Megan Tolland's Blog
Your thirties are a time of many important financial decisions. Many people are starting families, buying homes, and getting settled into their careers by the time they turn thirty. The following ten years are often marked by salary increases, moving into larger homes, and saving for retirement.
It’s vital to have a solid grasp on personal finance in your thirties, as it is in many ways the foundation of your finances for the decades to come. So, in this article we’re going to give you some advice on buying a home and managing your money in your thirties.
Straighten out your credit
If your twenties were a volatile time of incurring debts from student loans, car loans, and other expenses, then it’s paramount to get your credit in order in your early thirties. Having a high credit score can secure you lower interest rates on a home loan or let you refinance your loans at lower rates.
Start by making sure your bills are on auto-pay, and be sure to settle any older debts from your younger years. You can also use a credit card for recurring expenses, such as gas to get to work or groceries, and then pay them off in full each month. This way, you’ll build credit and avoid accruing interest at the same time.
Reevaluate your lifestyle and long term goals
A lot can change from the time you turn 25 to the time you turn 35. Your goals might shift from finding a home near the ocean to finding a home near a good school district for your children. You might also have the shocking realization that your children will be heading to college sooner than it might seem, and that you’re still working on paying off your own student debt.
Consider things like the size house you’ll need for your family, where you want to live and whether that involves being close to aging parents, and reallocating money depending on your retirement goals.
Rethink your insurance coverage
Gone are the days when all you needed was a car insurance policy to get by. As you age and your responsibilities grow, you’ll need to think about the future for you and your family. That may include a more comprehensive health insurance plan for your family, a life insurance policy for yourself, or increased covered for home and auto insurance.
Automate the headaches away
With all of these growing responsibilities, it can be easy to get frustrated with the time you’re losing to keeping your finance in order. Fortunately, there are many tools at your disposal in the internet age that will make all of those responsibilities an afterthought.
First, get a budget planning app, like Mint or You Need a Budget (YNAB). Next, set up your bills to auto-pay if you haven’t yet. Then, put reminders in your phone to periodically check your credit score and reassess whether you need to pay for certain monthly services (do you still watch Hulu?). Finally, if you haven’t yet, make sure you have your paychecks direct deposited into the accounts you’d like them to enter so you don’t have to worry about them.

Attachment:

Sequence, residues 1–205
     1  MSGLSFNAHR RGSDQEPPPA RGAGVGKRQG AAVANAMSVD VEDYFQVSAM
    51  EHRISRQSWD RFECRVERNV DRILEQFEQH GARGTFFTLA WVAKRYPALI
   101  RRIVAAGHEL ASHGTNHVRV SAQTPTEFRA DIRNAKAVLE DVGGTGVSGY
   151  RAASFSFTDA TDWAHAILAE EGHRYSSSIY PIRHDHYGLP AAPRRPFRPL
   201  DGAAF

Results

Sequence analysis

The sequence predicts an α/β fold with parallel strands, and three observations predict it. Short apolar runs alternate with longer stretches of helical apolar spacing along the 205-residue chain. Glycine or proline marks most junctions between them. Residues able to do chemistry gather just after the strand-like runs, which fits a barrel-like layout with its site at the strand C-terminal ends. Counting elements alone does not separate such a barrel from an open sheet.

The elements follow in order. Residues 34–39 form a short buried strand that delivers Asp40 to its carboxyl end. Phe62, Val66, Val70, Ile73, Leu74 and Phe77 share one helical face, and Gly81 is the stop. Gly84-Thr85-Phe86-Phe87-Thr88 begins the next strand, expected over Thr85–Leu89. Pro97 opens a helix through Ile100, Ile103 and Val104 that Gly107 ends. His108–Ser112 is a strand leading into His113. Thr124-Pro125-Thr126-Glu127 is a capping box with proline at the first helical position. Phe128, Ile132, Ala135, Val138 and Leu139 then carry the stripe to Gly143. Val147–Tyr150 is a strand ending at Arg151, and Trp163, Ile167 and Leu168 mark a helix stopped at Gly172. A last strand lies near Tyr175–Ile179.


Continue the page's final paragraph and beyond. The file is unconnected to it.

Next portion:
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For those who plan to list a house in the foreseeable future, it often is beneficial to track the real estate market. By doing so, a home seller can identify real estate market patterns and trends and quickly address any potential property selling hurdles.
Now, let's take a look at three tips to help you analyze housing market data so you can accelerate the property selling journey.
1. Review the Prices of Recently Sold Houses in Your Area
Check out the prices of recently sold houses in your city or town. That way, you can find out whether sellers are accepting offers to purchase at or above their initial home asking prices.
Furthermore, it may be a good idea to see how your house ranks against recently sold residences. With this housing market data in hand, you may be better equipped than ever before to establish a competitive initial asking price for your home.
2. Determine How Quickly Houses Are Selling
As a home seller, you should find out whether you're preparing to enter a buyer's or seller's market. If you look at how quickly houses are selling in your city or town, you can distinguish a buyer's market from a seller's one.
In a buyer's market, you will find many sellers and few buyers. Conversely, in a seller's market, there is an abundance of buyers and few sellers.
The differences between a buyer's and seller's market are significant. If you understand whether you're getting ready to sell your home in a housing market that favors buyers or sellers, you can determine how to price your residence so it will generate plenty of interest from buyers. And as a result, you may be able to streamline the home selling journey.
3. Assess the Prices of Homes That Are Similar to Your Own
Your home may be one of many available to property buyers. Thus, you should review the prices of houses in your city or town that are similar to your own. This housing market data will help you narrow the price range for your residence.
Also, you may want to review rival home sellers' property listings and see how these sellers promote their residences to prospective buyers. Because if you can find ways to differentiate your home listing from competitors', you could boost the likelihood of a successful house selling experience.
As you prepare to add your house to the real estate market, you may want to hire a real estate agent as well. A real estate agent will offer recommendations so you can enhance your residence both inside and out and help you establish a competitive initial home asking price. Plus, a real estate agent will help you review an offer to purchase your home and determine the best course of action.
Take the guesswork out of selling your house – use the aforementioned tips, and you can monitor the real estate market and use housing sector data to simplify the property selling journey.